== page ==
Appendix

Site investigators/team

Medical College of Wisconsin/Froedtert Hospital, Milwaukee, WI, Osama O Zaidat, Brian-Fred Fitzsimmons, John R Lynch, Marc A Lazzaro, Alicia C Castonguay, Mohammad Issa; Emory University School of Medicine, Atlanta, GA, Rishi Gupta, Raul G. Nogueira, Chung-Huan Johnny Sun; St. Luke's Kansas City, Kansas City, MO, Coleman O Martin, William E Holloway; Delray Medical Center, Delray Beach, FL, Nils Mueller-Kronast; California Pacific Medical Center, San Francisco, CA, Joey English; Nobl Barazangi, Christine Wong, Charlene Chen, Oana Spataru, Ann Bedenk, Megan Morrow, David Tong; Baptist Cardiac and Vascular Institute, Miami, FL, Italo Linfante, Guilherme Dabus, Eugene Lin, Edgar Samaniego; Alexian Brothers Medical Center, Elk Grove Village, IL, Tim W Malisch, Franklin Marden; Oregon Health and Science University, Portland, OR, Hormozd Bozorgchami; Wayne State University School of Medicine, Detroit, MI, Andrew Xavier; West Virginia University Hospital, Morgantown, WV, Ansaar Rai, Jennifer Domico; Vanderbilt University Medical Center, Nashville, TN, Michael T Froehler; University of Iowa, Iowa City, IA, Jeri Sieren, Heena Olalde; Provena Saint Joseph Medical Center, Joliet, IL, Aamir Badruddin; Boston Medical Center, Boston, MA, Thanh N Nguyen, Alexander M Norbash, Hesham Masoud, Judith Clark; Desert Regional Medical Center, Palm Springs, CA, Muhammad A Taqi, Tom Wolfe, Ajeet Sodhi; University of Kansas Medical Center, Kansas City, KS, Michael G Abraham; Texas Stroke Institute, Plano, TX, Vallabh Janardhan; University of Texas Health Science Center, Houston, TX, Hashem Shaltoni; UT Southwestern Medical Center, Dallas, TX, Roberta Novakovic, G Lee Pride Jr, Kim L Rickert, Babu G Welch, Jonathan A White; Massachusetts General Hospital, Boston, MA, Albert J Yoo, Thabele M Leslie-Mazwi, Joshua A Hirsch; University of Louisville Medical School, Louisville, KY, Alex Abou-Chebl; University of Texas, Houston, TX, Peng Roc Chen, Aditya Sanzgiri; Methodist Neurological Institute, Houston, TX, Gavin Britz; Duke University Medical Center, Durham, NC, Abhishek Agrawal; St Louis University, St Louis, MO, Ritesh Kaushal; University of Missouri, Columbia, MO, Ashish Nanda.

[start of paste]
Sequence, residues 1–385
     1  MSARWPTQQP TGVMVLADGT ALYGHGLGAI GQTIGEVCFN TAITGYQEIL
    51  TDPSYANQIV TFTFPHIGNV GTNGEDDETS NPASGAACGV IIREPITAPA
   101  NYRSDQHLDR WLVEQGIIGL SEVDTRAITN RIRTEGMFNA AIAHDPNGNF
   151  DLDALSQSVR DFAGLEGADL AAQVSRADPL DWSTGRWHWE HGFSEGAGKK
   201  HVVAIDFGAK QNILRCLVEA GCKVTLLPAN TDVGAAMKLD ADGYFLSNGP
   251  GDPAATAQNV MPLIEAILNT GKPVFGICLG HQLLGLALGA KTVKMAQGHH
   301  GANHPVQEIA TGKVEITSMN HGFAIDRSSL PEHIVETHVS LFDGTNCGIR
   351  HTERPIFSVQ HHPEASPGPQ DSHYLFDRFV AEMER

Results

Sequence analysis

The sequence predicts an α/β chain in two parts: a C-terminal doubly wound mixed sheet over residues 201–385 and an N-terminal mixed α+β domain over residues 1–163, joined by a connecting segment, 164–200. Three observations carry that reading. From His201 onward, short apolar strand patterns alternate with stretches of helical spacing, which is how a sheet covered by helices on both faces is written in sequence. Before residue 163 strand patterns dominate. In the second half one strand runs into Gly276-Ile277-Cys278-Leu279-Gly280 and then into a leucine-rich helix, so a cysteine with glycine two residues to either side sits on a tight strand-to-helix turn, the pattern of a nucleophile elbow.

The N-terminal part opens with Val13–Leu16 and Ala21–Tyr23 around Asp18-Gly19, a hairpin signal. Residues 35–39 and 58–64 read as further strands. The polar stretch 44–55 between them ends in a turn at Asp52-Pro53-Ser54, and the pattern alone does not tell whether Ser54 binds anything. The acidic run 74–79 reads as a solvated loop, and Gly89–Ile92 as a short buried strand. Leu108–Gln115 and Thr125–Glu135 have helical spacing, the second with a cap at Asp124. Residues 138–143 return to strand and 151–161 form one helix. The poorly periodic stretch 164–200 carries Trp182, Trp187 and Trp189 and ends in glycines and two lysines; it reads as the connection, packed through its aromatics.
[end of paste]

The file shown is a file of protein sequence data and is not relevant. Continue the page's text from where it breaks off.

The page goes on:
References

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Footnotes

  • Collaborators Brian-Fred Fitzsimmons, John R Lynch, Marc A Lazzaro, Eugene Lin, Edgar Samaniego, Jennifer Domico, Jeri Sieren, Heena Olalde, Alexander M Norbash, Hesham Masoud, Judith Clark, Tom Wolfe, Ajeet Sodhi, Lee Pride Jr, Kim L Rickert, Babu G Welch, Jonathan A White, Thabele M Leslie-Mazwi, Joshua A Hirsch, Aditya Sanzgiri, and Abhishek Agrawal.

  • Contributors All authors participated in the design, conception, data gathering, writing, meaningful editing, suggestions, and feedback on the final manuscript.

  • Competing interests None.

  • Ethics approval Ethics approval was provided by the Medical College of Wisconsin institutional review board and the ethics committee at each participating institution.

  • Provenance and peer review Not commissioned; externally peer reviewed.

  • Data sharing statement There are no additional unpublished data from this particular study comparing the post marketing experience of the Solitaire device with the industry sponsored prospective study. Additional questions are being addressed by other sub-papers such as: (1) The use of general anesthesia within NASA registry; (2) The use of balloon guide catheter within NASA; (3) The outcome in patients older than 80 years of age in NASA; (4) The time and recanalization as other predictors of outcome in NASA. These sub-papers are circulating among the primary NASA contributors and will be submitted to JNIS when ready.